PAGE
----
Many populist movements have risen with a backbone of young people; those whose life experience has been too short to warn them of the dangers of unquestioning belief, but who yearn for answers to the complexities of life. They all too readily accept the words of a powerful, charismatic leader because it absolves them from having to work things out for themselves. They are willing to suspend their skepticism, their disbelief in exchange for the comfort and convenience of those answers. Once past their teen years, until they get their bearings and have life experiences, young adults are often more gullible to the blandishments of authority and charisma.

We saw that in the Communist movement of the early 20th century, the fascist movements of the 1930s, in the religious cults of the 1960s and 70s, in the radical Islamic cults of this millennium, and in the election campaigns of Donald Trump and the UK Brexit movement. In all of these, young men and women formed (and still form) a core component of the movements. It is far easier to radicalize someone who has little worldly experience, who has not developed roots or had a family, than who feels than a mature person who has a longer experience of the vagaries of life, and has more to lose.

It is also true of those who feel disenfranchised, unempowered by the bureaucracy or the government. It is easy to raise the ire of the poor, the homeless, the unemployed against the slights of entitlement and privilege. The Romans deflected the masses by games and spectacles; but throughout history, dictators have resorted to wars or internal conflicts to take the focus off their actions, themselves and their party. Trump is doing it today, albeit with less success or skill.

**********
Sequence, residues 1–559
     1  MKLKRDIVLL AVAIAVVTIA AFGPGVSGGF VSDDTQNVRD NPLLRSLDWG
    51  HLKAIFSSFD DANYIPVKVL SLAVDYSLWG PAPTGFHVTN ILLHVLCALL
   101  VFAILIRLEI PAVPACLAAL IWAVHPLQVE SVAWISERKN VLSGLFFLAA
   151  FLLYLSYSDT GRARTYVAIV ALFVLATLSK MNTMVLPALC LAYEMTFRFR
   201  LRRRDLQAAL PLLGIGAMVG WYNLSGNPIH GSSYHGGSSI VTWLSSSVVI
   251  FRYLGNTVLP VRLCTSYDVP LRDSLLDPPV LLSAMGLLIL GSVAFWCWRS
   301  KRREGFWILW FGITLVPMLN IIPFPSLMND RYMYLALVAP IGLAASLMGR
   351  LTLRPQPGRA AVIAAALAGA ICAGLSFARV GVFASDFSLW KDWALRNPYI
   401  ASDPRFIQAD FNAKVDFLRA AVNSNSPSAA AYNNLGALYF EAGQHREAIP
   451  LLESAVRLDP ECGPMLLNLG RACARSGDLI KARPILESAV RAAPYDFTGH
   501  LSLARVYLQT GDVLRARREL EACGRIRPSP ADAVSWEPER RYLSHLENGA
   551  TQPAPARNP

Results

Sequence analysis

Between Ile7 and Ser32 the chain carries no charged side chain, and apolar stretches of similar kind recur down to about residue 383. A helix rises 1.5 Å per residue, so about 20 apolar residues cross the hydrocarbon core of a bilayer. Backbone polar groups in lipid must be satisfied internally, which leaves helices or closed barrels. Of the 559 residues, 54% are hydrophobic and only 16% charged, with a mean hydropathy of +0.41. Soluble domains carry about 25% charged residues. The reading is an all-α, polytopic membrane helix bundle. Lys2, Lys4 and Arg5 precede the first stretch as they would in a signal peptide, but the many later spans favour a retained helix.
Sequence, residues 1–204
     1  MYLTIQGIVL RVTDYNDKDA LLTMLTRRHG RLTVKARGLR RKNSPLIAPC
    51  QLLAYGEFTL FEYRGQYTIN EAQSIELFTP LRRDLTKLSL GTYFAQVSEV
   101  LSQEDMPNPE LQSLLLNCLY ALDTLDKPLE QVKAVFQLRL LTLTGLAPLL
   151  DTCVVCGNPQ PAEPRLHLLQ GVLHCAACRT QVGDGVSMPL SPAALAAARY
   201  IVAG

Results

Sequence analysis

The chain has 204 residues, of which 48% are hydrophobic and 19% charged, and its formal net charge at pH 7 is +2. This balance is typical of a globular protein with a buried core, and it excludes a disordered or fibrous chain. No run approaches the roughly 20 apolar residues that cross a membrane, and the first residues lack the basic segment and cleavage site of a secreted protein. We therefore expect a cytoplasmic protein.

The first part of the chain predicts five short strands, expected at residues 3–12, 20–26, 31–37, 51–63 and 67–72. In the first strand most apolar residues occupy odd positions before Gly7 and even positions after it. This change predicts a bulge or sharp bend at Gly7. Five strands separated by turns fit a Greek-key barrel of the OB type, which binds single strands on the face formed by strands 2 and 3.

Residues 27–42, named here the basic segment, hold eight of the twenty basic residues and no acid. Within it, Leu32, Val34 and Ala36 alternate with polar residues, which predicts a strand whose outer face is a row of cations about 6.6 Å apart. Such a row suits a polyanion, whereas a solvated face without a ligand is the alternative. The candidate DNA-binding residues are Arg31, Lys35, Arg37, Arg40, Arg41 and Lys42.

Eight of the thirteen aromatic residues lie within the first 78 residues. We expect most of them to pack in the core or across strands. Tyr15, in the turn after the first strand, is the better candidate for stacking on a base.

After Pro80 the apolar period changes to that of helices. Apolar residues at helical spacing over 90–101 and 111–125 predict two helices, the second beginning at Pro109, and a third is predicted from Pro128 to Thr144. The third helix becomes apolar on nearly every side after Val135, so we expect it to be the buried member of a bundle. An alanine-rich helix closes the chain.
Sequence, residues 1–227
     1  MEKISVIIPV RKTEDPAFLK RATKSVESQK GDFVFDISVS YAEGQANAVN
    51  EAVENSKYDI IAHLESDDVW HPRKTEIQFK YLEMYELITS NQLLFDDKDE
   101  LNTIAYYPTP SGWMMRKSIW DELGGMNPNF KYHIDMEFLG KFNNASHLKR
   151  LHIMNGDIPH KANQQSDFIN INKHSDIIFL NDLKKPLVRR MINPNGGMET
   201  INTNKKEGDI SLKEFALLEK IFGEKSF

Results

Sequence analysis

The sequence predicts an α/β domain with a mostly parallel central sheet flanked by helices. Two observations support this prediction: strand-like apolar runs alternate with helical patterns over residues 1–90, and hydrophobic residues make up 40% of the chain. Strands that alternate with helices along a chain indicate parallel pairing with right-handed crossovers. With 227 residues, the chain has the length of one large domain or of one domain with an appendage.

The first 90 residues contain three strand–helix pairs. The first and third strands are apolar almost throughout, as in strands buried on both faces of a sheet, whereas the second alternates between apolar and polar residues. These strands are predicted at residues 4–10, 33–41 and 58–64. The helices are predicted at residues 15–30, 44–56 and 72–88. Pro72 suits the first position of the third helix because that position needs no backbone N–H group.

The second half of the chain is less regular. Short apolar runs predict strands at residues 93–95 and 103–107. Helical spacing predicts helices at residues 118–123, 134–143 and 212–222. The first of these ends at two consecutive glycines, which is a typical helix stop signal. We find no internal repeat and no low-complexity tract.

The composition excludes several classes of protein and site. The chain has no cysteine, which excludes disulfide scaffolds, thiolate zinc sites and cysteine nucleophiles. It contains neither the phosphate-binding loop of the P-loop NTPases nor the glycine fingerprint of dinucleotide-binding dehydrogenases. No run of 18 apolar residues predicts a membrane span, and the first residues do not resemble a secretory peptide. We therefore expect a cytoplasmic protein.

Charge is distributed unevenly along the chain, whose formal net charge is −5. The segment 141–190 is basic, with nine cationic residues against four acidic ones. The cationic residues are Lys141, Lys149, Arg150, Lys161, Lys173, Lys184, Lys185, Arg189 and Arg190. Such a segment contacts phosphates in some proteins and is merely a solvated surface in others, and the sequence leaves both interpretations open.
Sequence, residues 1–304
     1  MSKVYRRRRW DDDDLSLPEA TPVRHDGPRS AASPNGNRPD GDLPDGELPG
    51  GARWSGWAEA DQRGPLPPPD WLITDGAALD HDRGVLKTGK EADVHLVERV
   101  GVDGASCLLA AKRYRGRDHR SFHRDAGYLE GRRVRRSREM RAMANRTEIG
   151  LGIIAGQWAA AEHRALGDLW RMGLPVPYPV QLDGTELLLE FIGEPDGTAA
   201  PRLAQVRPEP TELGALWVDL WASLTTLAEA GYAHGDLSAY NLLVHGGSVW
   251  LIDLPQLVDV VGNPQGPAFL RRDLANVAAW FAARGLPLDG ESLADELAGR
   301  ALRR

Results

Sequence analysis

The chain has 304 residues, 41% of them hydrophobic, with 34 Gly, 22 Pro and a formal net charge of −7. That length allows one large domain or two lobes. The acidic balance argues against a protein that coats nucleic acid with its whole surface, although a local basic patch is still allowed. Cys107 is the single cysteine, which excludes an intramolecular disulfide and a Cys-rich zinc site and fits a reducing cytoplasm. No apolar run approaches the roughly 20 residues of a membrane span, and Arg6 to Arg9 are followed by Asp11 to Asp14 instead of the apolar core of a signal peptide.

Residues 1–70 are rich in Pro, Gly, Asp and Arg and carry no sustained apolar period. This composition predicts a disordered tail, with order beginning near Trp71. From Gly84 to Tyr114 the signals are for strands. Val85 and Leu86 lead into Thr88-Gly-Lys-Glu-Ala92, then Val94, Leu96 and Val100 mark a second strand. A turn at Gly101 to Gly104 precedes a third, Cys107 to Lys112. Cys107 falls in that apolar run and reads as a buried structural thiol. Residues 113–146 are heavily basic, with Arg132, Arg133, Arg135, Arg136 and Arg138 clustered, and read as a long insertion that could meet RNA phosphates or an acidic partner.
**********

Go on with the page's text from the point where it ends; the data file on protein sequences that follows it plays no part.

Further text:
Machiavelli would not have wanted to see the doors opened for another Savonarola. Nor would he want to see another Medici come to power- perhaps one of the Poplani, or “popular” side of the family. The family returned to Florence with the backing of the pope. The Catholic church could as easily replace a fallen Lorenzo with another of his family. Or worse: replace him with someone from a different family – rivals like the Pazzi, Albizzi and Salviati, or even outsiders like the Orsini or Sforza. Machiavelli would not have wanted to see an outsider with no ties, no property, no vested interest in the welfare of the people brought in to rule Florence.

He would have understood that replacing Lorenzo could easily result in a worse ruler, and worsened conditions for the people of his beloved Florence. I doubt he would have written anything to encourage that.

No, I think Machiavelli was seriously trying to give the Medici serious and sound advice on how to rule, knowing that while unpalatable to the popular ideals of morality and ethics, what he offered was practical and efficient. It would lift the ruler above the pettiness of entitlement and greed, turn his focus from his own convenience and pleasures to the needs of governance. If followed, his advice would develop a strong, wise city state. Machiavelli accepted the means because the result would be that order and stability he cherished.
* For an interview with Benner, see 3am magazine

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Ian Chadwick
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Author: Ian Chadwick

Semi-retired writer, editor, reviewer, media relations & communications consultant. Former municipal politician. Researcher. Ukulele and guitar player. Aficionado of Shakespeare, Horace, Chaucer, Cicero, and tequila. Curmudgeon and cynic. Lay historian. Godzilla and ERB fan. PC gamer. Avid reader. Skeptic. Website and WordPress tinkerer. Companion to one dog and three cats. Loving husband. Passionate about my small town. Perennially curious about everything. Blog: